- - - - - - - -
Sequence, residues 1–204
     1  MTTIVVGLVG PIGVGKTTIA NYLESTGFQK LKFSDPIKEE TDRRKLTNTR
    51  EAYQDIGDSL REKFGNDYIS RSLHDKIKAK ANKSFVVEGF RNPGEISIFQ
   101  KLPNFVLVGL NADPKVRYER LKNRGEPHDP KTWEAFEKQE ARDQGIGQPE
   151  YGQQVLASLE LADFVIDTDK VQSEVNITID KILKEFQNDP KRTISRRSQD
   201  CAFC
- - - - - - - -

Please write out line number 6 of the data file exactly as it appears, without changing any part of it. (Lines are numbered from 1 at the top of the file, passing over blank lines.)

   201  CAFC